All posts filed under: Pictures

Set yourself free from the megapixel race.

The megapixel race, with its pursuit of sharpness, seems unending. Is this really important or is it just a callous marketing ploy used to make the last iteration of whizzy cameras redundant? Here’s an interesting fact… According to Thorsten von Overgaard, the Danish writer and photographer; – “When we were using film ( I assume here he is talking about 35mm film) those images equalled around 18-20 Megapixels.” And I ask – didn’t those images set our perception of “Sharp”? – Where does that leave us with modern digital cameras being 24, 37 and 100 Mega Pixels? – Thorsten argues those extra pixels are simply “overkill”  because as he puts it  “What are we going to do with that level of sharpness – or detail might be a better expression”? Making a print will not evidence those extra pixels. Thorsten argues the only benefit of such pixel size is when you want to use just a portion of the image. He closes his argument with the simple statement of… “If it looks sharp, it is.” I would …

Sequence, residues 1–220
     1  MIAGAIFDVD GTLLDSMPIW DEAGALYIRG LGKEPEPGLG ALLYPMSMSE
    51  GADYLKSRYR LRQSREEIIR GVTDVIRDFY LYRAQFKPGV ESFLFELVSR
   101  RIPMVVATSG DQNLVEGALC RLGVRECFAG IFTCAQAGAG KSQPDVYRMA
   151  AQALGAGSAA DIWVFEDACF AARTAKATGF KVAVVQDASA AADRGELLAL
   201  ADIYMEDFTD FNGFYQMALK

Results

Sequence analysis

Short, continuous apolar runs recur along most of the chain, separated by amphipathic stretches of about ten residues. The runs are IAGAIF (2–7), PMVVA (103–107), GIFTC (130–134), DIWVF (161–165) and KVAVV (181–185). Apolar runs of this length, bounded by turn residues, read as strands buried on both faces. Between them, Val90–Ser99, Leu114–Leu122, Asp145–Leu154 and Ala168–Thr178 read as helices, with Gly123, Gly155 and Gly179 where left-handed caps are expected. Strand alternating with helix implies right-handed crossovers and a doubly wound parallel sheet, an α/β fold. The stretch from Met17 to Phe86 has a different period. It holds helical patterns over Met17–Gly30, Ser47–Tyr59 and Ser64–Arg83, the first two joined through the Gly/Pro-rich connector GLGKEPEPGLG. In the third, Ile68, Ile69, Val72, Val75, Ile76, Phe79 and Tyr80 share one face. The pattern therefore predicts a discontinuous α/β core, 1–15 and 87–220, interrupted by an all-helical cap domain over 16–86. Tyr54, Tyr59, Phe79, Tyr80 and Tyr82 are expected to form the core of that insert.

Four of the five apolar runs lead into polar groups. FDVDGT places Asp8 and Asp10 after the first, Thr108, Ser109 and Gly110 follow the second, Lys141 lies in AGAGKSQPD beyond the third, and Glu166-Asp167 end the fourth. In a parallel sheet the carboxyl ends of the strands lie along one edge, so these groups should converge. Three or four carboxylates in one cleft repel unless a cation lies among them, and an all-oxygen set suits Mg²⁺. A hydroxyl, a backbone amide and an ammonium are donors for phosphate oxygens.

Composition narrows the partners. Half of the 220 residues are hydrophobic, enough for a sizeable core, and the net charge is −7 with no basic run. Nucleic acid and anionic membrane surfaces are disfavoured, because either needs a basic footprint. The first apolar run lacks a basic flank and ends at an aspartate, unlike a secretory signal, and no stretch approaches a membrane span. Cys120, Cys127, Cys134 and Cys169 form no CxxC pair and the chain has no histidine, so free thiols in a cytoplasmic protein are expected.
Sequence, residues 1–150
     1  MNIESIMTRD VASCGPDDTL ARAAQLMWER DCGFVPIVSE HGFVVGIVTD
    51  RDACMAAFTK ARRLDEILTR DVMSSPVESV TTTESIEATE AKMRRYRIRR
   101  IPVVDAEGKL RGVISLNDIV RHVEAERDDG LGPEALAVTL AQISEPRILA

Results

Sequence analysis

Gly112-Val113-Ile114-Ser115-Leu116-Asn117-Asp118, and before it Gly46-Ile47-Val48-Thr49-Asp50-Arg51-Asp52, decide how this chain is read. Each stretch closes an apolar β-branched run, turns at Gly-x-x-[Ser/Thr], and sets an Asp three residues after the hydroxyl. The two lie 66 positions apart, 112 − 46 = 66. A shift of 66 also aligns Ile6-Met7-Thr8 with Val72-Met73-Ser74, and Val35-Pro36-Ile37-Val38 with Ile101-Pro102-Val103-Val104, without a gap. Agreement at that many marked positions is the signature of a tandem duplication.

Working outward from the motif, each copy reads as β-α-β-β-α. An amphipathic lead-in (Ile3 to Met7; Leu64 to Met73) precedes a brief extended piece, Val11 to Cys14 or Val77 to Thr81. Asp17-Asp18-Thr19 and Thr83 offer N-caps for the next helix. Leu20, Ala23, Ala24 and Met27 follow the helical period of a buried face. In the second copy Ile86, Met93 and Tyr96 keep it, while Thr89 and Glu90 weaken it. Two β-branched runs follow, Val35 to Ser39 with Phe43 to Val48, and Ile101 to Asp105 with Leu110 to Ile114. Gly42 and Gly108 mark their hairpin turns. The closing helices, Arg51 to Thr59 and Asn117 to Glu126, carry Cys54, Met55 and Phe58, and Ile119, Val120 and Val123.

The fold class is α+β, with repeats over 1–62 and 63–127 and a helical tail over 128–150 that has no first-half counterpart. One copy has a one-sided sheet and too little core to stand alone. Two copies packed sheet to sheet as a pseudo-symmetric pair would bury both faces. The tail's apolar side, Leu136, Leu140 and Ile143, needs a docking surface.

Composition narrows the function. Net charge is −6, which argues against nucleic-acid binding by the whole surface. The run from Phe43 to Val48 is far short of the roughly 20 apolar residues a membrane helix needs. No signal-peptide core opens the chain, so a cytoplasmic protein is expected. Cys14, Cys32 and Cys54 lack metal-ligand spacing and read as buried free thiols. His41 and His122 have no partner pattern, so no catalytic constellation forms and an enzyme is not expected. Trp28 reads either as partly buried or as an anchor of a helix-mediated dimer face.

New project pages

I’ve been rationalising these pages recently. I’ve included a section on the site called “Projects and Series” . You can see it top right in the heading navigation. This leads to a page providing links to the different projects and series I’ve been working on (and continue to do so). Some of the pictures in these sections date back to the late 1960’s – early 1970’s.  I hope you enjoy them all. PDBarton Lincoln 2018  

Meridian landfall, Holderness. A Line Runs Through It, PDBarton

A Line Runs Through It

For the purpose of navigation, the earth is notionally divided into Eastern and Western Hemispheres. The line which divides those hemispheres is the Prime Meridian Leaving the North Pole the line travels towards the South Pole. The first land it reaches is on the East coast of England, just above the Humber estuary in the ancient coastal area of Holderness, an area of chronic coastal erosion. The  Meridian project, entitled “A line runs through it “ involved travelling along this line from landfall in Holderness in the North, south across the Humber to the seaside towns in North East Lincolnshire and onwards into Lincolnshire, passing through the Lincolnshire Wolds and the fenlands around Boston and Holbeach, and finally to the Lincolnshire/ Cambridgeshire border. The whole distance travelled from Landfall in the North to the Cambridgeshire border in the South is 121.4Km ( 75.43 miles). The Images were captured along the line and to either side over the space of 6 months. These images are bound together by nothing other than their geographic proximity to a …